We welcome back Heather J. Matthews today! Heather's focus on representation--especially concerning Judaism--can help classroom teachers consider how their own students can critically examine whole-class or independent texts.
Dr. Matthews is an assistant professor of literacy at Salisbury University. She specializes in diverse representation within children’s and young adult literature. Heather can be reached at firstname.lastname@example.org.
I have been obsessed with the idea of the Bechdel test for a long time, and would highly encourage you, dear reader, to play around on the Bechdel test’s website to check for your favorite movie. I think you may be surprised.
But what does this have to do with young adult literature? While I assumed that the Bechdel test is well known, I assume that the subsequent representation tests which examine other identity aspects are not. There are a multitude of other media representation tests like the Bechdel test, which you likely haven’t heard of – for example, the Waithe test, which requires that Black women who must 1) be in a position of power, and 2) is in a healthy romantic relationship (Wide Angle Youth Media, 2020). There are tests for gender, sexuality, race, ability, ethnicity and religion, as well as other identity aspects and identifiers. Of importance for this blog post is the Josephs test, which seeks to examine representation of Orthodox Jews (Levy, 2021).
For those who are not in the know of Judaism and its spectrum of beliefs, let me give you a quick and dirty overview: There are many denominations, or streams, of Judaism. However, three streams are more well-known due to their population size and/or visibility. These streams can be imagined on a linear spectrum from more to less observant of the practices of Judaism. On one end of the spectrum is Reform Judaism, which tends towards liberal observation of practices – Reform Jews tend to be less observant of ceremony, and tend to allow for exceptions and modernization in practices. In the middle of the spectrum is Conservative Judaism, which has some Reform aspects (for example, women can be rabbis) but also follows tradition and ceremony more closely than Reform Judaism (for example, attending religious services more often). On the other end of the spectrum is Orthodox Judaism, which tends to be stricter in terms of the ways in which Judaism is practiced on a daily basis; dietary rules, gender rules, dress rules, and other religious rules are closely followed. Because Orthodox Jews are most visible due to clothing and hair practices, they tend to attract the most attention in public and in the media.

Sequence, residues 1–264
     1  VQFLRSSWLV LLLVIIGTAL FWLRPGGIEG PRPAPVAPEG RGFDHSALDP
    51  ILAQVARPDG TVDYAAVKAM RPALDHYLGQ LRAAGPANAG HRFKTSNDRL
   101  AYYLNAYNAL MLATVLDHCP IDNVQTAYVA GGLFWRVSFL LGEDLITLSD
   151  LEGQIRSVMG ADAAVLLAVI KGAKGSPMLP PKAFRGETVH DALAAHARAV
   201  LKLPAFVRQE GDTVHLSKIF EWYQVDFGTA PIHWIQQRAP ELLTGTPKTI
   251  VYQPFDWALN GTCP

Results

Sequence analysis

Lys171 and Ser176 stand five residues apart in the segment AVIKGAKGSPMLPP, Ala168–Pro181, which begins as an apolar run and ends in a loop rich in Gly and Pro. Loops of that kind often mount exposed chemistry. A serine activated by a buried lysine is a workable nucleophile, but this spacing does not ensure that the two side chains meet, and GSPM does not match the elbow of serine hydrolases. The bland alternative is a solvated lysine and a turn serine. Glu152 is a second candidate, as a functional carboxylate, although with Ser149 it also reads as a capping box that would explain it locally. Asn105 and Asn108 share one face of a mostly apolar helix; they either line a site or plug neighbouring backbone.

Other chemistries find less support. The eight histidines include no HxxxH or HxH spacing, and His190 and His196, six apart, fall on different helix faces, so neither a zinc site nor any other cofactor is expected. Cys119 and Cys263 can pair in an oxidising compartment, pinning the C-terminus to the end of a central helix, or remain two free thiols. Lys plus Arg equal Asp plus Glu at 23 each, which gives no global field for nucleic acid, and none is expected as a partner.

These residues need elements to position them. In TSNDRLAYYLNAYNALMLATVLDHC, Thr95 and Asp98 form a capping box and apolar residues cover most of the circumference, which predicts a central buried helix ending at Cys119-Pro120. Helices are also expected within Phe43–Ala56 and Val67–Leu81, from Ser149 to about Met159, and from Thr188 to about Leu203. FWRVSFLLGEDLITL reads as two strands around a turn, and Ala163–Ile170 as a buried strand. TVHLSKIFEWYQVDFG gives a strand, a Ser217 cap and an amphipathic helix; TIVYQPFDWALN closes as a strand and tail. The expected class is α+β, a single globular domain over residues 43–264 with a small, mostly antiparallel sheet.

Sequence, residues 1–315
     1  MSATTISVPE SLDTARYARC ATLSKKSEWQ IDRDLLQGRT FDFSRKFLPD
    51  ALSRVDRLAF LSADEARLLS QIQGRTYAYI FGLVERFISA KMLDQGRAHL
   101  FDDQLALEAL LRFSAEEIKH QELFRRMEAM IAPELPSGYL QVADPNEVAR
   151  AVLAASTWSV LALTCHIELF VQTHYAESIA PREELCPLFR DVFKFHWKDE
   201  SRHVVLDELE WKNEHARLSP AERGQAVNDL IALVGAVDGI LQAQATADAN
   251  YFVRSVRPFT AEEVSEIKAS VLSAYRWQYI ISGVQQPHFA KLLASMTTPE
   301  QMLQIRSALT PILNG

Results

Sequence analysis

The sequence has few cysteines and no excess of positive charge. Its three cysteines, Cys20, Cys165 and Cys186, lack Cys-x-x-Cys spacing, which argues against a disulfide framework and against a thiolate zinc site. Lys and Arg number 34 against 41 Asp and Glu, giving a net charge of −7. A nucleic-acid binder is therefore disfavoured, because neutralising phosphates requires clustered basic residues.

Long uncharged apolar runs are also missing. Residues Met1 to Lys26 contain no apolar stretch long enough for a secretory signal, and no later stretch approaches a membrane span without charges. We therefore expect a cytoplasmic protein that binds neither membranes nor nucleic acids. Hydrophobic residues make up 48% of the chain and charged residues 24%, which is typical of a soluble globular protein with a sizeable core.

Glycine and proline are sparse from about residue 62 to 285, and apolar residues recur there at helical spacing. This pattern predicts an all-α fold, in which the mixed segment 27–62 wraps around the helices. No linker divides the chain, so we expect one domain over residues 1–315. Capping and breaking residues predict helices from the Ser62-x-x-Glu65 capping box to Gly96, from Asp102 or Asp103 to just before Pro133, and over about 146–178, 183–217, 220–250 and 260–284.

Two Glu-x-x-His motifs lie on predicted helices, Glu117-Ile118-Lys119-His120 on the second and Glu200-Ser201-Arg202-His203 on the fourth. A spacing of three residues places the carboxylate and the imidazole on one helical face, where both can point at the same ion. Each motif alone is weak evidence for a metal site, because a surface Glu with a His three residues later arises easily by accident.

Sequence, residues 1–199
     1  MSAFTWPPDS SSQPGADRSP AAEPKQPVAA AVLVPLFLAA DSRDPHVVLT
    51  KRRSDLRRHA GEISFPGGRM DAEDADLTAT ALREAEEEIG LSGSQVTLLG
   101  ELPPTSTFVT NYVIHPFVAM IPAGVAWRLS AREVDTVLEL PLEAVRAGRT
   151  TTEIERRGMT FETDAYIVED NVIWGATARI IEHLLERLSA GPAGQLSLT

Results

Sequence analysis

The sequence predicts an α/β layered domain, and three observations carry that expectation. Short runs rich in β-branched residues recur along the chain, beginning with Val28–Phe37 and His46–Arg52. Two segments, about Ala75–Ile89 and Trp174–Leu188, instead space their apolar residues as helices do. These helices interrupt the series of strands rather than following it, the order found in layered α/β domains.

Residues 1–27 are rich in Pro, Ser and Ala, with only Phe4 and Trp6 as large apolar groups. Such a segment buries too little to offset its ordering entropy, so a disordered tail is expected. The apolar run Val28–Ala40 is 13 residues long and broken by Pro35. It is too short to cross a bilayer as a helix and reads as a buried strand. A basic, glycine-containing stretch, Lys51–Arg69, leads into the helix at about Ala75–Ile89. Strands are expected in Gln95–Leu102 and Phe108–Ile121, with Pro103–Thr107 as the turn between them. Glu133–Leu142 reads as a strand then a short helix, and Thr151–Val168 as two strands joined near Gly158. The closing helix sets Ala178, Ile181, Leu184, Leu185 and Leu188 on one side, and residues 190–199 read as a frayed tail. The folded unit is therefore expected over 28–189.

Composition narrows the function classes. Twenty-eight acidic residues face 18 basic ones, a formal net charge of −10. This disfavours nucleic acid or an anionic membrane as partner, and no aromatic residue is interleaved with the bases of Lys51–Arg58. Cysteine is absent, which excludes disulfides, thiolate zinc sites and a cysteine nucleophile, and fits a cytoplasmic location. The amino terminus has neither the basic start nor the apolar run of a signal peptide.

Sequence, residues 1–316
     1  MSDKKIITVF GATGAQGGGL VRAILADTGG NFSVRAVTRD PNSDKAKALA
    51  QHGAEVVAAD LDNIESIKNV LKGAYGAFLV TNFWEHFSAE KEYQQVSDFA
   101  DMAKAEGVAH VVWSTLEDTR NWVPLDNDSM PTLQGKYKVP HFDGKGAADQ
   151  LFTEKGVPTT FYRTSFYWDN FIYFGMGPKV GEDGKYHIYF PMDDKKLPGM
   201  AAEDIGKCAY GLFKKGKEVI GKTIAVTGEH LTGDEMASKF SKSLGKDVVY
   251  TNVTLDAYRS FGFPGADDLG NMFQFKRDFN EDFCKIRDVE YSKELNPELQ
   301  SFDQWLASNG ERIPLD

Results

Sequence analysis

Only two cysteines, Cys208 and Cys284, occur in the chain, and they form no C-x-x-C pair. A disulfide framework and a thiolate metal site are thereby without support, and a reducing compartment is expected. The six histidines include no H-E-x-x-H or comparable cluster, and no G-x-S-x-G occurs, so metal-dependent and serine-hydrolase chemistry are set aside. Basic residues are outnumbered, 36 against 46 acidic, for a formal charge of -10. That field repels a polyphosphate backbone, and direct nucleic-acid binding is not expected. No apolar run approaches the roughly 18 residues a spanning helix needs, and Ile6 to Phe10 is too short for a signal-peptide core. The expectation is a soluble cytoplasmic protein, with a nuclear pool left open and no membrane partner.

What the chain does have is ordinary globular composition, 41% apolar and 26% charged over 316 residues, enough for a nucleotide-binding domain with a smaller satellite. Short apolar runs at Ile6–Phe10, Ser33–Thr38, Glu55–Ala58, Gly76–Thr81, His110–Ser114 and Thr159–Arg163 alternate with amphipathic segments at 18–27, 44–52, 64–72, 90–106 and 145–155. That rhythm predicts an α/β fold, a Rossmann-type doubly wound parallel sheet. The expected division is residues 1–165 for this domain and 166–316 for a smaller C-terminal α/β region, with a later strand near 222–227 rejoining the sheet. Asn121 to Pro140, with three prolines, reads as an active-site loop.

With this in mind, the Josephs test deals specifically with Orthodox Judaism representation. Like the Bechdel test, there are several requirements that a piece of media must pass through to pass or fail: 1) Are there any Orthodox characters who are emotionally and psychological stable, 2) Are there characters who are Orthodox whose religious life is a characteristic but not a plot point or problem, 3) Can the Orthodox character find their Happily Ever After as a religious Jew, and 4) If the main plot points are in conflict due to religious observation, have any of the writers done the research required (Levy, 2021). While I would posit that the Josephs test can, and should, apply to all Jewish representation, the test’s origins specifically name Orthodoxy, and so this blog post will focus specifically on Orthodox Jewish representation in young adult literature.
Here is where the Josephs test comes in. Does The Chosen pass the Josephs test? Well, it really depends on who you ask. In regards to question 2 (is the religious life of the character a characteristic instead of a plot points), there is a major stumbling block. Both of the main characters, Reuven and Danny, are Orthodox Jews, but the entire story of The Chosen revolves around their embracing or rejecting Jewish practices and beliefs, to the point where family ties are tested and expectations comes short for most of the involved characters. In fact, by the end of the book, dual protagonist Danny has rejected the external markers of his Jewish practice by cutting his hair and beard. This symbolic rejection of his Jewish practices is the ending of a built up tension which dominated the entire plot of the novel.
I would like to leave these answers up to you, and highly encourage you to seek out and read these books. I would also encourage you to critically examine the next Orthodox Jewish character you come across in media, and ask yourself about if this character would pass through the Josephs test – more likely than not, as the television show Nurses episode “Achilles Heel” proves, the answer will be no.
Bechdel Test. (n.d.). Bechdel Test Movie List. https://bechdeltest.com/
Blum, I. (2022). The life and crimes of Hoodie Rosen. Philomel Books.
Scheier, L. (2021). The last words we said. Simon Pulse.
Levy, Y. (2021). Want to represent Orthodox Jews accurately? Take this test before production begins. Jew in the City. https://jewinthecity.com/2021/03/want-to-represent-orthodox-jews-accurately-take-this-test-before-production-begins/
Potok, C. (1967). The Chosen. Simon & Schuster.
Shafer, E. (2021). NBC removes ‘Nurses’ episode from digital platforms following backlash over Orthodox Jewish storyline. Variety. https://variety.com/2021/tv/news/nbc-removes-nurses-episode-backlash-orthodox-jewish-storyline-1234914536/
Wide Angle Youth Media. (2020). Media tests for diversity and representation. Wide Angle Youth Media. https://www.wideanglemedia.org/blog/media-tests